Difference between ARMY and CRPF
Many times people confuse the military with the paramilitary. Over the years, the defence forces have evolved a mechanism that takes care of the families of martyrs. This is not so for the paramilitary forces and there is a stir recently from the families of paramilitary forces to address this issue.
So, what exactly is the difference between the military, paramilitary and the central armed police forces?
A military or defence force is a professional organization formally authorized by the country to use lethal or deadly force and weapons to support the interests of the state. Although it is called defence forces in India, but its actions are both defensive and offensive.
It typically consists of an Army, Navy, Air Force and the Coast Guard.
Paramilitary Forces As per international usage, any force which has officers of the military managing it but it comes under the control of MHA is a Paramilitary. By definition only the Indian Coast Guard, Assam Rifles and the Special Frontier Forces fall into this.
The Paramilitary forces in India also constitute State Reserve Police Forces. They need special provisions of law to operate in aid of Civil Authorities, similar to the Armed Forces. Since they do not have police powers, they can operate only once the State Government declares an area as disturbed.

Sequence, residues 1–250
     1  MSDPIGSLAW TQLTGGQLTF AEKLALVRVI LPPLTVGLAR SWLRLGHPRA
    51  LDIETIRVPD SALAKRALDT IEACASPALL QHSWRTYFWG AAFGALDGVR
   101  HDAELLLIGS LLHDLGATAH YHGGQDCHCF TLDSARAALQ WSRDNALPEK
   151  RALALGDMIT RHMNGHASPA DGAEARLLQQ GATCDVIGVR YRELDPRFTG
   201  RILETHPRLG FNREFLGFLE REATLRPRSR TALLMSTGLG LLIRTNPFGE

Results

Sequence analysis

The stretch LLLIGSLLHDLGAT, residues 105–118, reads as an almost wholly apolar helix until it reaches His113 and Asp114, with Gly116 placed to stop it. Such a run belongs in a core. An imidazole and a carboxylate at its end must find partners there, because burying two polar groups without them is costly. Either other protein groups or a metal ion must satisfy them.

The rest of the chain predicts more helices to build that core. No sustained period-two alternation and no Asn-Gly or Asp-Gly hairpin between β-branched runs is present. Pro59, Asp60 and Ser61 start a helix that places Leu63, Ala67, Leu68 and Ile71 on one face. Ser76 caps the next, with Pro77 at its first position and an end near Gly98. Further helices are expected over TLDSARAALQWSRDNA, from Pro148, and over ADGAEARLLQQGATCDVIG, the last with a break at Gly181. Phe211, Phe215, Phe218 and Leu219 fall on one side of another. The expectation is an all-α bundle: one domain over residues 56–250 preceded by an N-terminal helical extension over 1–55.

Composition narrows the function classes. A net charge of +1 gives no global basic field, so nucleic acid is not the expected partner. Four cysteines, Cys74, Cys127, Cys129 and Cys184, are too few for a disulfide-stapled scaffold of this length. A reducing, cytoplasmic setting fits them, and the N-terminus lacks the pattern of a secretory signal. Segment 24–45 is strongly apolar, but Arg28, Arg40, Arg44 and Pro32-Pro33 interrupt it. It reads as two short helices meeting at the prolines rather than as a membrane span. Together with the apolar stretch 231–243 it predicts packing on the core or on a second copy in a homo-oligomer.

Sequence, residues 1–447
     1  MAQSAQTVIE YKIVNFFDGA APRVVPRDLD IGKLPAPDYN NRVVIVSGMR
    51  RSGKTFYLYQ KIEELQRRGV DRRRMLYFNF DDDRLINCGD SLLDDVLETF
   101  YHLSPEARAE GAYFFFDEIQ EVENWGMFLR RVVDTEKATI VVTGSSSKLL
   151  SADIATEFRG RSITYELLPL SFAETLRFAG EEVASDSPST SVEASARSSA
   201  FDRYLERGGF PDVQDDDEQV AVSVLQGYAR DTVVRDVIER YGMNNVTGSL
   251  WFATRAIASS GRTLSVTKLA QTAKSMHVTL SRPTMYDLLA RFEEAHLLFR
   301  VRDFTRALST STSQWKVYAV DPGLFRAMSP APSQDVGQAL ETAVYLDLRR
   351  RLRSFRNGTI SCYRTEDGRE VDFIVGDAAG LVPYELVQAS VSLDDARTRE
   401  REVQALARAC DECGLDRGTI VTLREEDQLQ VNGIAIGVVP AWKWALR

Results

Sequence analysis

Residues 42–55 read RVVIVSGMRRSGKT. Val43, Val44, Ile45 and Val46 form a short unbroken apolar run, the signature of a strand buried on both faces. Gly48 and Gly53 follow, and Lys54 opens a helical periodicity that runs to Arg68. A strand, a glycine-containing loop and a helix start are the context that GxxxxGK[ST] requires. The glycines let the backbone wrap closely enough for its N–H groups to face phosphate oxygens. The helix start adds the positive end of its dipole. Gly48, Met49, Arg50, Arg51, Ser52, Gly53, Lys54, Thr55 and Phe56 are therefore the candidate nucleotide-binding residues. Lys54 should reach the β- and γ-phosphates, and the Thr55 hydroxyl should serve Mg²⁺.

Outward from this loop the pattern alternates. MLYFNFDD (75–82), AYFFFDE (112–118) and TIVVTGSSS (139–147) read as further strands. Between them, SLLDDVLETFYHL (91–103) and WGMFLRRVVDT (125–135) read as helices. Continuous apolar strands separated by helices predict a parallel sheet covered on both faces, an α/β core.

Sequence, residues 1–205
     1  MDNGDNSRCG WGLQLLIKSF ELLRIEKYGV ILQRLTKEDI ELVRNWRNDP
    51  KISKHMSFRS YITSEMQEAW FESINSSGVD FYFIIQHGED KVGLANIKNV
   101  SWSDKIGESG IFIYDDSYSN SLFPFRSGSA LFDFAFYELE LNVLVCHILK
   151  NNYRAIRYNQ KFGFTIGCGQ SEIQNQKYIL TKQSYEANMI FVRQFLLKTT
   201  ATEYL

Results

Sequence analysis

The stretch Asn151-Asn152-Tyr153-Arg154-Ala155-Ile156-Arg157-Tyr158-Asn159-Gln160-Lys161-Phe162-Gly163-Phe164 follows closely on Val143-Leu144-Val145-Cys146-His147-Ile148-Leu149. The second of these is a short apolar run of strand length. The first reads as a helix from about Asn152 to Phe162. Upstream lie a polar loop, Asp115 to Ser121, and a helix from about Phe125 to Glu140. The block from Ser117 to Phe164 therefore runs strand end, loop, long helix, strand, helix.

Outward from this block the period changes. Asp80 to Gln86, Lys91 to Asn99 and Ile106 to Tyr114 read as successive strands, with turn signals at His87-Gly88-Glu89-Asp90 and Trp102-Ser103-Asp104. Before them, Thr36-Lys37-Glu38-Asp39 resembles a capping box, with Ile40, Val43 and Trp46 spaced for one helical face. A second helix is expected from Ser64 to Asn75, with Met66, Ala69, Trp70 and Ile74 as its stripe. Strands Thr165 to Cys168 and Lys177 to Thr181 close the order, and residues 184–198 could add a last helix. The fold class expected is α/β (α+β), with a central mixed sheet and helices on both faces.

Central Armed Police Forces Central Armed Police Forces police functions on the borders to check illegal border crossings, encroachments, smuggling etc (BSF, SSB, ITBP), internal security duties (CRPF) or installation security (CISF).
There are 5 CAPFs in India – Border Security Force, Shashastra Seema Bal, Indo-Tibetian Border Force, Central Reserve Police Force and Central Industrial Security Force.
The Central Reserve Police Force came into existence as Crown Representative’s Police on 27th July 1939. It became the Central Reserve Police Force on enactment of the CRPF Act on 28th December 1949. It has completed 79 years of glorious history. The Force has grown into a big organization with 246 Bns, (including 208 executive Bns, 6 Mahila Bns, 15 RAF Bns, 10 CoBRA Bns, 5 Signal Bns and 1 Special Duty Group, 1 Parliament Duty Group), 43 Group Centres, 20 Training Institutions, 3 CWS, 7 AWS, 3 SWS, 4 Composite Hospitals of 100 bed and 17 Composite Hospitals of 50 bed.